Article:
A Landmark Monograph in Gifted Education, and Why I Disagree with Its Major Conclusion
In 2011, Subotnik, Olszewski-Kubilius, and Worrell published a landmark monograph that should be read by anyone interested in gifted education. However, I find their belief that the field ought to be devoted to encouraging eminence troubling.
Last year saw the publication of one of the most important pieces of scholarship in the field of gifted education of recent times, a monograph entitled “Rethinking Giftedness and Gifted Education: A Proposed Direction Forward Based on Psychological Science.” The authors are Rena F. Subotnik, of the American Psychological Association; Paula Olszewski-Kubilius, of Northwestern University; and Frank C. Worrell, of the University of California, Berkeley. The monograph can be found at http://www.psychologicalscience.org/index.php/publications /journals/pspi/rethinking-giftedness-and-gifted-education.html, as can a brief video in which the authors set forth some of their ideas.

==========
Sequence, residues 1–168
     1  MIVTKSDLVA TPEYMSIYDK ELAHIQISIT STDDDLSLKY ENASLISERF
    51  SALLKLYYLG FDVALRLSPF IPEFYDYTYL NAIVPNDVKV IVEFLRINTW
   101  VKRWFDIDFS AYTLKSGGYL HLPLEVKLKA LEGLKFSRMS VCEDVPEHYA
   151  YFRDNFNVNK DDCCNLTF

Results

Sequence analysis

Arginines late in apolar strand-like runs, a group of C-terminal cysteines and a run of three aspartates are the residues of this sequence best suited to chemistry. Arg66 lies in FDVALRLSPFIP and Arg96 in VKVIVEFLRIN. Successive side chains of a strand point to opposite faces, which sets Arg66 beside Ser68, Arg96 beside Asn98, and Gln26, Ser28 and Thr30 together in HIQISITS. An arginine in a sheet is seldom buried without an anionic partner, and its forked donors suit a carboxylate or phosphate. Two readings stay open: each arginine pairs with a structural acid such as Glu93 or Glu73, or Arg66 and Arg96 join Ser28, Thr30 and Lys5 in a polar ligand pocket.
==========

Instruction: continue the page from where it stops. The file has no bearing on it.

Anybody with a serious interest in gifted education should read, and reread, this monograph. The authors have produced some of the best, and freshest, thinking about giftedness that is likely to emerge from this field in this or any year. Fourteen pages of single-spaced references attest to the sheer amount of material they have read, digested, synthesized, and critiqued. The authors masterfully summarize much of the major work on giftedness and gifted education and then add to it with compelling ideas of their own. These include a definition of giftedness, rather too long to quote here, that earns its length by virtue of its breadth and depth. We spend quite a bit of time in my classes at Teachers College analyzing definitions of giftedness, and this one, newly added to the curriculum, gives my students quite a bit of intellectual meat to chew on.